We assess each request on a case-by-case basis. In some cases, we may ask the individual for more information. We have carefully developed criteria in alignment with the Article 29 Working Party’s guidelines. After a request is submitted to us via our webform it undergoes a manual review. There are no categories of requests that are automatically rejected by humans or by machines. Once we reach a decision, the individual will receive an email notifying him or her of our decision and, if we do not remove the URL, a brief explanation.
Reasons we don’t delist
A few common material factors involved in decisions not to delist pages include the existence of alternative solutions, technical reasons, or duplicate URLs. We may also determine that the page contains information which is strongly in the public interest. Determining whether content is in the public interest is complex and may mean considering many diverse factors, including—but not limited to—whether the content relates to the requester’s professional life, a past crime, political office, position in public life, or whether the content itself is self-authored content, government documents, or journalistic in nature.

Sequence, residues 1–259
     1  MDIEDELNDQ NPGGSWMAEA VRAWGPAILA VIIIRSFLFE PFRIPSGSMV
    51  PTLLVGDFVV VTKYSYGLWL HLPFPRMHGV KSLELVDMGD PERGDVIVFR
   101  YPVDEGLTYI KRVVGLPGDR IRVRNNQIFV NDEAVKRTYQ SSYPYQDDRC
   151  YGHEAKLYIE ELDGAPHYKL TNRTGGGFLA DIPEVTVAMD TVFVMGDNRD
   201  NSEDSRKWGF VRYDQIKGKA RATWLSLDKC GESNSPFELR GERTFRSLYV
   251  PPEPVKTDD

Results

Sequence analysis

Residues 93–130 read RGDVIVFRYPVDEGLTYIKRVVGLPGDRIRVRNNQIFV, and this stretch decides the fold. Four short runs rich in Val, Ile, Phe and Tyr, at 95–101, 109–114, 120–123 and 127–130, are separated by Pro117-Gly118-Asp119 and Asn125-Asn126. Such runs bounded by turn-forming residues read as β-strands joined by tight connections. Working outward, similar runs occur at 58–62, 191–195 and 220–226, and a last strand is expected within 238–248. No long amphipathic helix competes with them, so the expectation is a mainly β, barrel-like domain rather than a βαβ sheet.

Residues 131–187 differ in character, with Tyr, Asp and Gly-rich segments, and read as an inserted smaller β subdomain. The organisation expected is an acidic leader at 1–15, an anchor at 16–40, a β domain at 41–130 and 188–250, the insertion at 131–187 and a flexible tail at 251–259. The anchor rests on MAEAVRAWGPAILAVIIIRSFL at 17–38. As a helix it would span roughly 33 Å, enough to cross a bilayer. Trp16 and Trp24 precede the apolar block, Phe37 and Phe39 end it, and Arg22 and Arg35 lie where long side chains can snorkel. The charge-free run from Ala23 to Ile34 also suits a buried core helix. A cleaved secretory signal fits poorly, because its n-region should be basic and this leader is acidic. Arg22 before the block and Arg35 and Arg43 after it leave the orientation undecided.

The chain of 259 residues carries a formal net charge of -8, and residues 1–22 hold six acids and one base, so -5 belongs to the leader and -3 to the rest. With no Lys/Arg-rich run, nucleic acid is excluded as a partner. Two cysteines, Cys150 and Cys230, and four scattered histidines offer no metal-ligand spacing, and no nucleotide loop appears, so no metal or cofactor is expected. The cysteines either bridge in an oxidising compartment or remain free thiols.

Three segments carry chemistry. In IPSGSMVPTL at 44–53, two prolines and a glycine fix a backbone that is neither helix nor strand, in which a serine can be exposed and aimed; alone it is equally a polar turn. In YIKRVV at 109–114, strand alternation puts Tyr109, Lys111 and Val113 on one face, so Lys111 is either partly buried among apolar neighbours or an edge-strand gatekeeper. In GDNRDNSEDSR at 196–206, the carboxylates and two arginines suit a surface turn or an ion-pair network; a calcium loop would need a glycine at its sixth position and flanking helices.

Laws around the world affect the availability of content across Search Engines products and services. These reports disclose data on content removal requests in an effort to inform discussions about online content regulation.
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